Ex-Im Bank Faces Uncertain Future After Bipartisan Reauthorization Bill Withdrawn by Waters
Do you support or oppose the Export-Import Bank?
by Countable | 7.5.19
A proposed bill to reauthorize the Export-Import Bank for seven years and rebrand it as the U.S. Export Finance Agency faces an uncertain future after House Financial Services Committee Chairwoman Maxine Waters (D-CA) withdrew the bill ahead of a planned vote last week amid dissension from Democrats. The bank’s operating charter expires at the end of September.
The chairwoman expressed frustration that the proposal she brokered with Ranking Member Patrick McHenry (R-NC) drew opposition from both the moderate and progressive wings of the Democratic caucus within the committee. Waters told lawmakers that the final product will need to be bipartisan for it to be enacted:
“If there is no bipartisan agreement that comes from this committee and the work that we’re doing, there will not be any Export-Import Bank reauthorization because there are those in leadership, particularly on the Senate side, who will not entertain any efforts to have Export-Import reauthorization that comes from just one side of the aisle.”
Rep. Denny Heck (D-WA), a moderate from a state with more than 70,000 Boeing employees, called the bill “clearly anti-Boeing”, while Rep. Brad Sherman (D-CA) argued against a prohibition on deals involving Chinese state-owned enterprises. Meanwhile, Reps. Alexandria Ocasio-Cortez (D-NY) and Rashida Tlaib (D-MI) were prepared to offer amendments limiting the financing of fossil fuel power plants overseas. The adoption of those provisions would've likely brought an end to GOP committee members support for the bill.
What is the Export-Import Bank?
The Export-Import Bank (or Ex-Im Bank) was established in 1944 by President Franklin D. Roosevelt to serve as the official export credit agency of the U.S. and help American businesses export their goods and services. Here’s how the Ex-Im Bank describes its role:
“When private sector lenders are unable or unwilling to provide financing, EXIM fills in the gap for American businesses by equipping them with the financing tools necessary to compete for global sales.”
In other words, it uses insurance policies, direct lending, and guarantees to facilitate transactions between foreign buyers and American companies to occur that otherwise wouldn’t happen because of credit or country risks.
The Ex-Im Bank is self-funded through user fees it collects, but ultimately it’s backed by the full faith and credit of the U.S. government, which means that taxpayers are liable for losses incurred. Legally, it can only authorize transactions with a “reasonable assurance of repayment” and as a result it reported a default rate of only 0.5% in December 2018.
It’s governed by a five member board, which requires a quorum of at least four directors to consider medium- and long-term transactions exceeding $10 million. The Ex-Im Bank lacked a quorum from 2016 to 2019, which led to the accumulation of a $40 billion backlog of prospective transactions and $20 billion in lost export opportunities. The Senate confirmed three nominees to the Ex-Im Bank board on broadly bipartisan votes in May 2019 to establish a quorum and get the bank operating again.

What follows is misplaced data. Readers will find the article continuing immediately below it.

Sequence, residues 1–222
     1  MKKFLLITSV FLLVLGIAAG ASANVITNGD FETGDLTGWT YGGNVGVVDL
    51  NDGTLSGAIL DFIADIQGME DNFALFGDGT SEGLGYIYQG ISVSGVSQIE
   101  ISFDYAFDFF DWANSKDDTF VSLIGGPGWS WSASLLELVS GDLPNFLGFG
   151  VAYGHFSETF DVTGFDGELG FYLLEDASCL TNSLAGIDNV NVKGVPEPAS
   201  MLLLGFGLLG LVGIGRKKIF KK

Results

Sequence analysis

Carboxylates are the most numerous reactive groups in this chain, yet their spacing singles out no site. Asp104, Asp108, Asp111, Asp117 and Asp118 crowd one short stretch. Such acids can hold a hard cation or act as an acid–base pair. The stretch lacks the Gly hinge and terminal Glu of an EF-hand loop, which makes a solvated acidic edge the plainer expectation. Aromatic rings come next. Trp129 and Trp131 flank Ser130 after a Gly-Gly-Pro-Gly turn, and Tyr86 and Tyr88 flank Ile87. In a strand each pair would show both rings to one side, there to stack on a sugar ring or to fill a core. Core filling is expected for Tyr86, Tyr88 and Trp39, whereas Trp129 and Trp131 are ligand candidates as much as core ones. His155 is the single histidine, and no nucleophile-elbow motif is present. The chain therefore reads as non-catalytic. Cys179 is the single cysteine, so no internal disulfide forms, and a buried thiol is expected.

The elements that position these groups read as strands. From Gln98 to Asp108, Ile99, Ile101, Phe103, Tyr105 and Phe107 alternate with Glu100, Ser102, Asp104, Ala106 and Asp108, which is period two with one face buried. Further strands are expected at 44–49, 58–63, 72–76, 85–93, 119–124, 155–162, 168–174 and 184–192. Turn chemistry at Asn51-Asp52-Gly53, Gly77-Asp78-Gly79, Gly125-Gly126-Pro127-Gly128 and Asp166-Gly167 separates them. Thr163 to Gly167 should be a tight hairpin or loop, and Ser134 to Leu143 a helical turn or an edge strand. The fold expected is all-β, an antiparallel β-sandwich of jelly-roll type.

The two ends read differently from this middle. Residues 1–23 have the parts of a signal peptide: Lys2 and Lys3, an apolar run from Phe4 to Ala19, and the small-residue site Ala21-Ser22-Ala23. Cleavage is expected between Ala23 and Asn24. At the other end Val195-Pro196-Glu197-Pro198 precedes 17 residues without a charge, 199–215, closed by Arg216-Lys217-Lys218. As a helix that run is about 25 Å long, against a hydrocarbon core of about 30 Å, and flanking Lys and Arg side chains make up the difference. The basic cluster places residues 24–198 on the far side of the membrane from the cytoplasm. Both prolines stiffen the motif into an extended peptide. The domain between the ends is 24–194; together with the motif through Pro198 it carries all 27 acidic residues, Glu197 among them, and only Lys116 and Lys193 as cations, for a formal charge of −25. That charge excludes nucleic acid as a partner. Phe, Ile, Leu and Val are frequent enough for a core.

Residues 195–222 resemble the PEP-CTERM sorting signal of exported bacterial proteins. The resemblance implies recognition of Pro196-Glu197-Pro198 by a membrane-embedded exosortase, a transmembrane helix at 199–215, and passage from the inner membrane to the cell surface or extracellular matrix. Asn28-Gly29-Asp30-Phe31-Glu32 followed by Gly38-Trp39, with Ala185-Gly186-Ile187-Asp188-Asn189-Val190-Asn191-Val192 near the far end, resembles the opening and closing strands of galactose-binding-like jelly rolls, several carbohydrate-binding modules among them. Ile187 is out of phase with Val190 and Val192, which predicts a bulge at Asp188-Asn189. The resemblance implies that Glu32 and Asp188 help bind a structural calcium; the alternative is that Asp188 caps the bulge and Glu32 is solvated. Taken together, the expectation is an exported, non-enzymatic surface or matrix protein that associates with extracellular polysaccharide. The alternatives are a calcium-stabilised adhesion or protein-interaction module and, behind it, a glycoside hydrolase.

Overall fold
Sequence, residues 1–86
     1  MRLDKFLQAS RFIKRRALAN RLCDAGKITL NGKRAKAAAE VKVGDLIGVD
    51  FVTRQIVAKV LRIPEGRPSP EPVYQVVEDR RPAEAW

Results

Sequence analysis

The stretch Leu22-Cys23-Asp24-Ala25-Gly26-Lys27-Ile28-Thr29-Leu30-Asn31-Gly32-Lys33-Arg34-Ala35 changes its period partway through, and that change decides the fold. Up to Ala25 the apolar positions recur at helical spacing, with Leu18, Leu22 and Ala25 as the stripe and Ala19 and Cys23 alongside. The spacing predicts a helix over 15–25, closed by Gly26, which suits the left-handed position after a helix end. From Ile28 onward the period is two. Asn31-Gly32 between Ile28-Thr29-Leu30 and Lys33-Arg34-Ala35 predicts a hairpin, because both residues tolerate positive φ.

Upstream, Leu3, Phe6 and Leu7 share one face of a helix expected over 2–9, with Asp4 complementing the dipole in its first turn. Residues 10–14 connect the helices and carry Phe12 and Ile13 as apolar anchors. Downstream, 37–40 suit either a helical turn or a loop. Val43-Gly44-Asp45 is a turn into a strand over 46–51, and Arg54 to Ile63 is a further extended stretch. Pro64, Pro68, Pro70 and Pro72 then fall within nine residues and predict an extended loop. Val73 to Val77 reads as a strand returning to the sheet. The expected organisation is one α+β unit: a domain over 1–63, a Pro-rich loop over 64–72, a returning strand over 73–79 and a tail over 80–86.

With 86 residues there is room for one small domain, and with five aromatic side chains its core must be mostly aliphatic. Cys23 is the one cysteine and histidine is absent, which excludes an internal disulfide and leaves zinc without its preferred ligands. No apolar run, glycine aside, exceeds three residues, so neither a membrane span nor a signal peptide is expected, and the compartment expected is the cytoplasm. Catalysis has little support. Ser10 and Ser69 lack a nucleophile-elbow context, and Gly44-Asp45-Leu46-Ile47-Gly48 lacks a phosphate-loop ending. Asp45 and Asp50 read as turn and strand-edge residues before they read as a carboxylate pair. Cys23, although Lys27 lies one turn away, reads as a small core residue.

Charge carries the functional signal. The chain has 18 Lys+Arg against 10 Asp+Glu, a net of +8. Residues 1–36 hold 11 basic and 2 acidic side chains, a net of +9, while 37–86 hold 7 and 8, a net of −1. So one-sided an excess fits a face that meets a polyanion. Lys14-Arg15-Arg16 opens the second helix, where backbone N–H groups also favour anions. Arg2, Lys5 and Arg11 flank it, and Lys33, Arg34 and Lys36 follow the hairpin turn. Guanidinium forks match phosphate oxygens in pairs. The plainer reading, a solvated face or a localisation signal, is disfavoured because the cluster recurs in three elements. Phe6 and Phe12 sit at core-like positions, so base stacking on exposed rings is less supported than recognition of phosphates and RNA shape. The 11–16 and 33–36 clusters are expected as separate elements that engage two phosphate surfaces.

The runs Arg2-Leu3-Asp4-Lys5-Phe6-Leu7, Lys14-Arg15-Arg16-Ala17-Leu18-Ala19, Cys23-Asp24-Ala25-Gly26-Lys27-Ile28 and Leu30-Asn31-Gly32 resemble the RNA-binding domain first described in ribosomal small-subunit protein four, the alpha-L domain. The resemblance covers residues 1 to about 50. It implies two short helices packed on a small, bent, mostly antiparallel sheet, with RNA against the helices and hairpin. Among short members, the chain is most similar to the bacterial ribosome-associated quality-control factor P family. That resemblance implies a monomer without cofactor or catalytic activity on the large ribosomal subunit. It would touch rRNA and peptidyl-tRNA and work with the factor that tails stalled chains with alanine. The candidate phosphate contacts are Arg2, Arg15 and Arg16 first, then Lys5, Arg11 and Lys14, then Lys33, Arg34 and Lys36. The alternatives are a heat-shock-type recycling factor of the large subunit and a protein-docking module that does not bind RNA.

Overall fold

Why is the Export-Import Bank Controversial?
Critics of the Ex-Im Bank, the ranks of whom include both conservatives and progressives, argue that it’s a form of “corporate welfare” because the companies benefiting the most from its activities are among the largest U.S. corporations. For example, in 2014 about 40% of the Bank’s authorizations went to Boeing alone, as opposed to 25% for small businesses as a group.
Detractors also say the Bank is picking economic winners-and-losers with taxpayer dollars ― and sometimes those bets don’t pay off. According to data from USAFacts, the Ex-Im Bank last operated at a net loss in 2010 when it was $262 million in the red. And it’s had worse stretches in recent decades, such as the three years during the 1980s in which it incurred an annual deficit of more than $1 billion. As a result, Rep. Justin Amash (I-MI) introduced the Export-Import Bank Termination Act (H.R. 1910), which would abolish the bank after three years and reduce its authorities in the meantime.
Supporters of the Ex-Im Bank argue that it helps U.S. companies and workers compete against heavily-subsidized foreign rivals in the global economy ― supporting more than 1.7 million American jobs over the last decade while operating at a default rate of less than 1%. It also has consistently turned a profit in the course of its business, sending an average annual profit of $293 million back to the U.S. Treasury between 2000 and 2015 per USAFacts.
— Eric Revell
(Photo Credit: iStock.com / Planetix)
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